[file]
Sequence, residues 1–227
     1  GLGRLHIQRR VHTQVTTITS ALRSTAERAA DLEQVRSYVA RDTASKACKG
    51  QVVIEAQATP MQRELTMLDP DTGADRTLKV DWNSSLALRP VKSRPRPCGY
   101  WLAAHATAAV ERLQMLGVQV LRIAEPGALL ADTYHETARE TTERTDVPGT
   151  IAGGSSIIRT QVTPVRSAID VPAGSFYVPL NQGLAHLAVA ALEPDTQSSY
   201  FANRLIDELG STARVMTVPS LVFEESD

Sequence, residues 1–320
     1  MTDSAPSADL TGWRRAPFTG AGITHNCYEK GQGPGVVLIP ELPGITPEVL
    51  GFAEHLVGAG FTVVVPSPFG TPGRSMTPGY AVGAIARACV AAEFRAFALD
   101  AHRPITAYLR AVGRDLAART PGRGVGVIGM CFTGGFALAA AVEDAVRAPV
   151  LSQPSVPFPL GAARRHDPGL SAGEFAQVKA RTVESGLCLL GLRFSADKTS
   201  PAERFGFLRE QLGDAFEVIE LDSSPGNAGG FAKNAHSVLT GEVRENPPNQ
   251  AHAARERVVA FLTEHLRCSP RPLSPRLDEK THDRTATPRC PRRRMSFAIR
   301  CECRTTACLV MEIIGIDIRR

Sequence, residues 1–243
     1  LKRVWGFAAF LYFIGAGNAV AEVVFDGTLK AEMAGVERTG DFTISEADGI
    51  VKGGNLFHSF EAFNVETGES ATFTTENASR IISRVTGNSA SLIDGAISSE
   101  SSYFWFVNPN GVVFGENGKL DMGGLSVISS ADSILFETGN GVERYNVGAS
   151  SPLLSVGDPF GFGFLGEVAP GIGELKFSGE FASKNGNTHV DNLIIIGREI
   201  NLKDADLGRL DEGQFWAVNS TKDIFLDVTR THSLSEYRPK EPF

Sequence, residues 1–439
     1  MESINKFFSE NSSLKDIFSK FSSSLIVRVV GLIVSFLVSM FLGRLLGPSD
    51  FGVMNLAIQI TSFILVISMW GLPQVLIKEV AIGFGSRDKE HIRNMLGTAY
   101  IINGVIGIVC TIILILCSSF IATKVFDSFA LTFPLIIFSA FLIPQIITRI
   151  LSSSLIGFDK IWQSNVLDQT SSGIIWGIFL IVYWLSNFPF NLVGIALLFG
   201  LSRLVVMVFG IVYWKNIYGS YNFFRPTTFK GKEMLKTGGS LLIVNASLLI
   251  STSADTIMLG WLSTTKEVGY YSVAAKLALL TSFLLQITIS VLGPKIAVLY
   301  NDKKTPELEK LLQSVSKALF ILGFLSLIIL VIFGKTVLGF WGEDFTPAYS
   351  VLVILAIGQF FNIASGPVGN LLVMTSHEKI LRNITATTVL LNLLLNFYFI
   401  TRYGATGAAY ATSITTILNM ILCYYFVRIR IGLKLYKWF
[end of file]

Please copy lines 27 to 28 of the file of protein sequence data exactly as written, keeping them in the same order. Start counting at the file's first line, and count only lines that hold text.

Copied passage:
   251  STSADTIMLG WLSTTKEVGY YSVAAKLALL TSFLLQITIS VLGPKIAVLY
   301  NDKKTPELEK LLQSVSKALF ILGFLSLIIL VIFGKTVLGF WGEDFTPAYS